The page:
Wednesday, 30 May 2012

Mutation causing Dupuytren's? Or not?

Evaluation of a Mitochondrial DNA mutation in Maternally Inherited and Sporadic Cases of Dupuytren’s Disease: Anderson et al, CM&R, 2012

It has been a long time since I did any kind of science type post but I thought that there is no harm in one every so often and this is mainly inheritance. So…

In this paper they are looking into a previously reported mutation that has been linked to Dupuytren’s disease. The previous paper identified a mutation and reported that this specific mutation was present in 90% of their subjects who has maternally inherited Dupuytren’s disease but not in any of their controls. 

I am not going to go into the details of the mutation but please ask if you would like a more detailed explanation but what I will say is that this mutation was in the mitochondria. Of course most people don’t know what this is but basically it is the thing inside the cell that makes energy and it has been shown to accumulate mutations with aging (Dupuytren’s increases with age) and mitochondria are only passed from the mother to child meaning that it is only important in cases of maternal inheritance. There are several reasons why this might be interesting which I have tried to explain in the picture below for anyone who is interested.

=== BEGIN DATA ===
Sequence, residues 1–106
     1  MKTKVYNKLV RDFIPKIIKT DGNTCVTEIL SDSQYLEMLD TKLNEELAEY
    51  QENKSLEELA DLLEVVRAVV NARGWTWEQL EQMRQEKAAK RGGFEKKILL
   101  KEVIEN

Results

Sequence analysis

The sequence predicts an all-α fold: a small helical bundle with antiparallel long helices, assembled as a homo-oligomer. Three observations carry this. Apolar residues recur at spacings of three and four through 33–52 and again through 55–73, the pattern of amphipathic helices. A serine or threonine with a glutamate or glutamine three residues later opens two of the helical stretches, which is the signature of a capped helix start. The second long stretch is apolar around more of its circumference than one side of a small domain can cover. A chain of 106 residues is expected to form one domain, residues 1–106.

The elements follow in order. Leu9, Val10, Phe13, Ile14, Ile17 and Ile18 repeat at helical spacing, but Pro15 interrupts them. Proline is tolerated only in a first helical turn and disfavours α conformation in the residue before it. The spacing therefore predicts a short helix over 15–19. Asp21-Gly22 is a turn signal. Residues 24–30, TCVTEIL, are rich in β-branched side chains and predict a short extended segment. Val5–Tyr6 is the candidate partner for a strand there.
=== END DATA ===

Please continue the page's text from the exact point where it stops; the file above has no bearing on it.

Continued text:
I think most of the above is self explanatory but I wil

Basically in their pool of patients they see nobody with the previously identified mutation but then they only have 2 cases where there is a maternal inheritance but the other explanation is that their patients are all German whereas the previously study was English so perhaps the difference could be that this mutation is present in the English population but not the German one. 

Clearly this paper is not ground breaking however it is good to see that there are still studies on-going into the genetic basis of Dupuytren’s and hopefully they manage to find something. I don’t think that there is a single source as I think that there are too many different pathways involved and it is far too common to be a single mutation. The above mutation may well be one of the causes in the UK and it could help explain why it increases with age but the work needs to continue. 

Key points: 
  • Previous study saw 90% of maternal DD has specific mutation (study in UK). 
  • This study did not see this same mutation but it was from a different region and only had 2 patient with maternally inherited cases of Dupuytren's.
  • With me being a man one day looking to start a family I hope that this is also a mutation linked to Ledderhose and it is the one so that I cannot pass it on to any children.